sábado, janeiro 08, 2011

Markets, economics, and environmental issues (2)

Na continuação de Markets, economics, and environmental issues, via Reason (How Much Energy Do We "Waste" Transporting Non-Local Foods?), excertos de The Locavore's Dilemma: Why Pineapples Shouldn't Be Grown in North Dakota:
.. if people understood comparative advantage, much of the impetus for buying local foods would disappear.
Local food is generally more expensive than non-local food of the same quality .. Asking us to purchase local food is asking us to give up things we otherwise could have enjoyed—the very definition of wealth destruction.
.. When the government encourages consumers to pay higher prices for a local product when a lower-cost non-local product of equal quality is readily available, it is asking the community to destroy its wealth ..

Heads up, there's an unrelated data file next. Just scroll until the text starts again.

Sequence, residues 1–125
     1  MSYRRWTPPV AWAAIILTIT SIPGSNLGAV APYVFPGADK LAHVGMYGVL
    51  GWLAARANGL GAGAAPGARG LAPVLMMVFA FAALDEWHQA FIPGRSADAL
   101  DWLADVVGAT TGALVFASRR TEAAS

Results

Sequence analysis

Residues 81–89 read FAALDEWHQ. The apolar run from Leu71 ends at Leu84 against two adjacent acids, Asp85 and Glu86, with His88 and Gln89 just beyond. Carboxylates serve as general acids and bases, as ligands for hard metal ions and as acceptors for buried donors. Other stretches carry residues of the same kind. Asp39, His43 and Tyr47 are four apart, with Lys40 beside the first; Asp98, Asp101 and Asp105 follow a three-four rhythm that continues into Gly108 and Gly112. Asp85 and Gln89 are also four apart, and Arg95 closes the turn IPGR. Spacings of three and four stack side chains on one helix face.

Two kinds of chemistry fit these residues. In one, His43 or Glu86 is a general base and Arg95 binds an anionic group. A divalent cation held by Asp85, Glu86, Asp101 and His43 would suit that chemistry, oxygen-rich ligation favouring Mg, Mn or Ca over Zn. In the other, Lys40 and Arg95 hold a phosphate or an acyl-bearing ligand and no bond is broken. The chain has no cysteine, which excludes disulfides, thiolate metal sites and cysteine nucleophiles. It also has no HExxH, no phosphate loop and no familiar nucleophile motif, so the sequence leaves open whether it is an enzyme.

.. The goal of most people is not to minimize the use of energy, but rather to enjoy life, given our wealth and the prices we face .. If someone cares about the plight of the poor, as we do, shouldn't we want them to be able to stretch their food dollars as far as possible?
.. It can be hard .. to accept the idea that people's free choices in markets produce a wiser allocation of resources, but clear thinking requires a bit of humility.
The decision to buy local foods is a shopping decision, not a moral one .. the reality is that local-food policies .. institutionalize prejudices for one human over another based on such arbitrary criteria as the location of their farm .. If we want to foster the civic virtues of trust, trustworthiness, and community, the local-food movement is a move in the wrong direction—it is little more than nativism.

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